“Eight cows,” I murmured. “I’d like to meet this Johnny Lingo.”

I wanted fish. I wanted pearls. So the next afternoon I beached my boat at Nurabandi. And I noticed as I asked directions to Johnny’s house that his name brought no sly smile to the lips of his fellow Nurabandians. And when I met the slim, serious young man, when he welcomed me with grace into his home, I was glad that from his own people he had respect unmingled with mockery.

We sat in his house and talked. Then he asked “You come here from Kiniwata?”

“Yes.”

“They speak of me on that island?”

“They say there’s nothing I might want that you can’t help me get.”

He smiled gently. “My wife is from Kiniwata.”

“Yes, I know.”

“They speak of her.”

“A little.”

“What do they say.”

“Why, just….” The question caught me off balance. “They told me you were married at festival time.”

“Nothing more?” The curve of his eyebrows told me he knew there had to be more.

“They also say the marriage settlement was eight cows.” I paused. “They wonder why.”

“They ask that?” His eyes lighted with pleasure. “Everyone in Kiniwata knows about the eight cows?”

I nodded.

“And in Nurabandi everyone knows it too.” His chest expanded with satisfaction. “Always and forever, when they speak of marriage settlements, it will be remembered that Johnny Lingo paid eight cows for Sarita.”

So that’s the answer, I thought: vanity.

And then I saw her. I watched her enter the room to place flowers on the table. She stood a moment to smile at the young man beside me. Then she went swiftly out again. She was the most beautiful woman I have ever seen.

The lift of her shoulders, the tilt of her chin, the sparkle of her eyes all spelled a pride to which no one could deny her the right.

I turned back to Johnny Lingo and found him looking at me.

“You admire her?” he murmured.

“She…she’s glorious. But she’s not Sarita from Kiniwata,” I said.

“There’s only one Sarita. Perhaps she does not look the way they say she looked in Kiniwata.”

“She doesn’t. I heard she was homely. They all make fun of you because you let yourself be cheated by Sam Karoo.”

A smile slid over his lips, “You think eight cows were too many?”

“No. But how can she be so different?”

“Do you ever think,” he asked, “what it must mean to a woman to know that her husband has settled on the lowest price for which she can be bought? And then later, when the women talk, they boast of what their husbands paid for them. One says four cows, another maybe six. How does she feel, the woman who was sold for one or two? This could not happen to my Sarita.”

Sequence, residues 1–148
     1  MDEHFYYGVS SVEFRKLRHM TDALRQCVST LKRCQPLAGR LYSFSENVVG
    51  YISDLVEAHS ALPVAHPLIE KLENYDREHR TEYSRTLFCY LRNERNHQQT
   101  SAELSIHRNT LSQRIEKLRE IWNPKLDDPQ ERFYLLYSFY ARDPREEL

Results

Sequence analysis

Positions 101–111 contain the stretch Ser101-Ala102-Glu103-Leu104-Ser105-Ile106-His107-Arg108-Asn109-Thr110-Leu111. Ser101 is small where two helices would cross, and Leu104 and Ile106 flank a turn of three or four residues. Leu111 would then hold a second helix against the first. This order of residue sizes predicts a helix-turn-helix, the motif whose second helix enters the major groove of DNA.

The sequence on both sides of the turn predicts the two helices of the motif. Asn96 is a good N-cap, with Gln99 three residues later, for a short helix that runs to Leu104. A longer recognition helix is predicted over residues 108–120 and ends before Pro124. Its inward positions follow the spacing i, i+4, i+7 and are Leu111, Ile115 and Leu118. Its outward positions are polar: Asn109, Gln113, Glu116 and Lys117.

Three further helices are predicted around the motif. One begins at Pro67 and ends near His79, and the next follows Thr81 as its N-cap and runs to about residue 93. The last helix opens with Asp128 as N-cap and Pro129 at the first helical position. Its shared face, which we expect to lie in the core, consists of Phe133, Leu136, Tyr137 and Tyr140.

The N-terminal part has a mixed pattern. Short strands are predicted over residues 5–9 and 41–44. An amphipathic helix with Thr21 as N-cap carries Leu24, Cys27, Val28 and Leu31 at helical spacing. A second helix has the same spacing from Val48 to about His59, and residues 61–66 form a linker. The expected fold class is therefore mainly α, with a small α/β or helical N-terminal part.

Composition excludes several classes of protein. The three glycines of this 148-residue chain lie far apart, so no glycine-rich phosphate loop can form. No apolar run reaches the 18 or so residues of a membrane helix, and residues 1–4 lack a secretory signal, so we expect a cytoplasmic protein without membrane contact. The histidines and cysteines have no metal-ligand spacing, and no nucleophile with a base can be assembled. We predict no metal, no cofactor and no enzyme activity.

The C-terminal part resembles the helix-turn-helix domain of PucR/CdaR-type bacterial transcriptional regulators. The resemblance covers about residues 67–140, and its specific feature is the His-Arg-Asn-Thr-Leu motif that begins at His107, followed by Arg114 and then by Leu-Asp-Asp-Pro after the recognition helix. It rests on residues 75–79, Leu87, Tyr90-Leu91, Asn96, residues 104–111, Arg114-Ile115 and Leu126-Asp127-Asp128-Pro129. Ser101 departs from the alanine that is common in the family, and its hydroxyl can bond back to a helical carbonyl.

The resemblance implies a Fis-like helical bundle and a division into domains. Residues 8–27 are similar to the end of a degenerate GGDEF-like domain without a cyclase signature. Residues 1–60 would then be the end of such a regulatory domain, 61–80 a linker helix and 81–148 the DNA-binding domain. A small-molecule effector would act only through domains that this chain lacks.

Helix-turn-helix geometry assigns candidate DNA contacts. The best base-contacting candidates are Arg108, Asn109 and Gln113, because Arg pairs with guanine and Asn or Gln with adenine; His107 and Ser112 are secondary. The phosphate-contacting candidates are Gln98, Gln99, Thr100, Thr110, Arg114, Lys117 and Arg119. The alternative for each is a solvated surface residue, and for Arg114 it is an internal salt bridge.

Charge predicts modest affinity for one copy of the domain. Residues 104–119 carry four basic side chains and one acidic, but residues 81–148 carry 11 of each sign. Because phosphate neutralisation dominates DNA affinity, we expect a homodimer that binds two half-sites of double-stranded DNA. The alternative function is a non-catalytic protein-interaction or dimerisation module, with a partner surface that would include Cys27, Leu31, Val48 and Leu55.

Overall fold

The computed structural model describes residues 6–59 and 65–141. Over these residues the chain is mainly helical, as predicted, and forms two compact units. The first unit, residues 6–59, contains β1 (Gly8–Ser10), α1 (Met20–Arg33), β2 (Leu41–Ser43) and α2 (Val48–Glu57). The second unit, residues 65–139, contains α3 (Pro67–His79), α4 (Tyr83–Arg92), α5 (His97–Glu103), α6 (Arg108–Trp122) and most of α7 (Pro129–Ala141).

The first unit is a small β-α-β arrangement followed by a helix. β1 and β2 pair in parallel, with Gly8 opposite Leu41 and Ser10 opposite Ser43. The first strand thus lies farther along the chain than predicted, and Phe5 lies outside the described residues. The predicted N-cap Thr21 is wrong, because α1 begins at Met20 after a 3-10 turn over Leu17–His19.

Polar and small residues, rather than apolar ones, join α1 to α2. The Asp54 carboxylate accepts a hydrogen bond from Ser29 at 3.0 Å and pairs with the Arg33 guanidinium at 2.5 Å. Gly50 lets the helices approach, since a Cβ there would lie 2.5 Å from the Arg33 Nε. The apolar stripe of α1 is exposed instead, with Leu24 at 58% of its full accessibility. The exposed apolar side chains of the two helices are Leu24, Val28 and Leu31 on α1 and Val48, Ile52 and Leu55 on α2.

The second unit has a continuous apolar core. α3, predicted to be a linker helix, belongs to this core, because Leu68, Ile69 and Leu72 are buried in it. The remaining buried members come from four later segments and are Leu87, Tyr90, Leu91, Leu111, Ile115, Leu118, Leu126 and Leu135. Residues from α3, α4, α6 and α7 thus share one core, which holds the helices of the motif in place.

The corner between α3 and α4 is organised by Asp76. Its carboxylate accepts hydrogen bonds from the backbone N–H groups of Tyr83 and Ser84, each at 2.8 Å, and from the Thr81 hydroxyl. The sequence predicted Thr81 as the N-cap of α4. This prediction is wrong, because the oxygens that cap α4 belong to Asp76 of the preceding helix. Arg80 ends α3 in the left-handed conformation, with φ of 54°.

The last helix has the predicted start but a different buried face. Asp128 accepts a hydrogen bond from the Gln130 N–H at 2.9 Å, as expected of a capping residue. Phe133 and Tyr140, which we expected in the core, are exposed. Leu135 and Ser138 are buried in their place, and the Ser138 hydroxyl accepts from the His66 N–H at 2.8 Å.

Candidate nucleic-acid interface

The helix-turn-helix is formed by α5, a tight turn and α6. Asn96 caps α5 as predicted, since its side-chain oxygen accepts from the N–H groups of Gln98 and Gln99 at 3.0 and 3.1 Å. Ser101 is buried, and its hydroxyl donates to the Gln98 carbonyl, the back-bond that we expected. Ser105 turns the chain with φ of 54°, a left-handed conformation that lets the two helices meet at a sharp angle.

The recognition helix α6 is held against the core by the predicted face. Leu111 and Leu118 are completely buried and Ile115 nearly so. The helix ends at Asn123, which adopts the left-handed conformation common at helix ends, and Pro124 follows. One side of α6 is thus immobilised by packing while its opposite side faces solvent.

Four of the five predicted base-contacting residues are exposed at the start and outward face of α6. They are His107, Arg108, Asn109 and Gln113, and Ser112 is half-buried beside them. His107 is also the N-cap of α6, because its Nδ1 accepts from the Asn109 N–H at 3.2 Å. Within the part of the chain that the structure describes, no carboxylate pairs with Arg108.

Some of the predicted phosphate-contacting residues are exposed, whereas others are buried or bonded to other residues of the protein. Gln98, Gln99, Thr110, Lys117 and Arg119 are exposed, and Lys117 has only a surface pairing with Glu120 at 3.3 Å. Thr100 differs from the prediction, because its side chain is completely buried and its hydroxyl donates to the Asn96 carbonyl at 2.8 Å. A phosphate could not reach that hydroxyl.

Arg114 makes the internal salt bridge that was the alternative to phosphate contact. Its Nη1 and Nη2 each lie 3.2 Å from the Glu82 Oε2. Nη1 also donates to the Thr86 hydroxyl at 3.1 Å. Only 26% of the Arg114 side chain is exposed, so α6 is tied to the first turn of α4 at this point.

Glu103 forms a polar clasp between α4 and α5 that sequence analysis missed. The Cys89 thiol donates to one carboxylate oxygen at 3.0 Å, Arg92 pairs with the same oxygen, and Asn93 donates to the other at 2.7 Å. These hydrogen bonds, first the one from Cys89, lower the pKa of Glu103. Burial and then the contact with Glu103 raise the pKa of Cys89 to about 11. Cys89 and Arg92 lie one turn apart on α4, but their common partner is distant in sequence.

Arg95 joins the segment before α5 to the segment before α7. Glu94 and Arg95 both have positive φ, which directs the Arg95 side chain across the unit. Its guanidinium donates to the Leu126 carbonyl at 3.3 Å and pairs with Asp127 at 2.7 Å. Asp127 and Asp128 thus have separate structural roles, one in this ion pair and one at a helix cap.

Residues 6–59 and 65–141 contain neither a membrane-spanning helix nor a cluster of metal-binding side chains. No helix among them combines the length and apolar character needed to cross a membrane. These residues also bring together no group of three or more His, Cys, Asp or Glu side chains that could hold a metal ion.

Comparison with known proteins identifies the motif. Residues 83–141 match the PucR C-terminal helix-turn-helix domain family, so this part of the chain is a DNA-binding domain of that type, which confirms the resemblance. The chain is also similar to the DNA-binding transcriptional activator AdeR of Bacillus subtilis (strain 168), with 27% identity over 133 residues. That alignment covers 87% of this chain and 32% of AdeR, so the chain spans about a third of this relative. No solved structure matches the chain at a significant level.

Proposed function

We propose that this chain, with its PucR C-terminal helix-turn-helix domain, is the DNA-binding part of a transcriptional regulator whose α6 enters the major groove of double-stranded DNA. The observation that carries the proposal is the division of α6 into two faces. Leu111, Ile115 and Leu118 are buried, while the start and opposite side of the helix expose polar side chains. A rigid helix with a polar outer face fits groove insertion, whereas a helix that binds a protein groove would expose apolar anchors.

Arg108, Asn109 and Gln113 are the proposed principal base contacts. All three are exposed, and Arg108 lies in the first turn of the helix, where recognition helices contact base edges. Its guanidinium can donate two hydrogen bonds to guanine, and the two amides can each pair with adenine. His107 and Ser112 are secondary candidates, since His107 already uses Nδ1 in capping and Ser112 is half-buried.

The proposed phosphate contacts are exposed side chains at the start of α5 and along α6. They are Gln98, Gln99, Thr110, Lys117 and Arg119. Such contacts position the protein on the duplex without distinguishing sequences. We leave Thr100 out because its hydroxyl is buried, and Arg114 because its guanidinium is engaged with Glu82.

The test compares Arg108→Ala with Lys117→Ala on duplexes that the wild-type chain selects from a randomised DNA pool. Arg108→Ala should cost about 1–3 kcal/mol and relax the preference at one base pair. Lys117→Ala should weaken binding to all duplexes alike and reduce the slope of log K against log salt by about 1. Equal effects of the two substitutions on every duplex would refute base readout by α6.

“Then you did this just to make your wife happy?”

“I wanted Sarita to be happy, yes. But I wanted more than that. You say she is different. This is true. Many things can change a woman. Things that happen inside, things happen outside. But the thing that matters most is what she thinks of herself! In Kiniwata, Sarita believed she was worth nothing. Now she knows she is worth more than any other woman in the islands.”

“Then you wanted–”

“I wanted to marry Sarita. I loved her and no other woman.”

“But–” I was close to understanding.

“But,” he finished softly, “I wanted an eight-cow wife.”

No, I do not believe women should be bought, sold, bargained for, or have a price - however, there is a lesson in this story and it’s a big one - what we think of ourself is an ENORMOUS big deal.

Sometimes we are blessed with people around us who value us and treat us with value, sometimes we don’t - but we CAN always try to surround ourselves with as many people who DO value us as we possibly can. And whenever possible leave any place where we are not valued.

Goodbye Unsupportive Thinking

“Lynda’s training has helped me feel more at ease, start new hobbies and start a self care plan!” - Julia

We use cookies to improve your experience and to help us understand how you use our site. Please refer to our cookie notice and privacy policy for more information regarding cookies and other third-party tracking that may be enabled.

More questions?

I’m Lynda Wright, a certified life coach living in Cape Town, South Africa. I help people with big challenges to live with peace, joy, and love by empowering themselves with personal boundaries - no matter how big their challenge(s).

Book to have a call with me | +27 (0) 60 972 1254 | lyndalwright@gmail.com

Click Here To Pay Me | Terms & Conditions | Privacy Policy | Refund Policy

© 2021 Coaching42ForYou

Facebook icon
Instagram icon
Email icon
Created with
Mailchimp Freddie Badge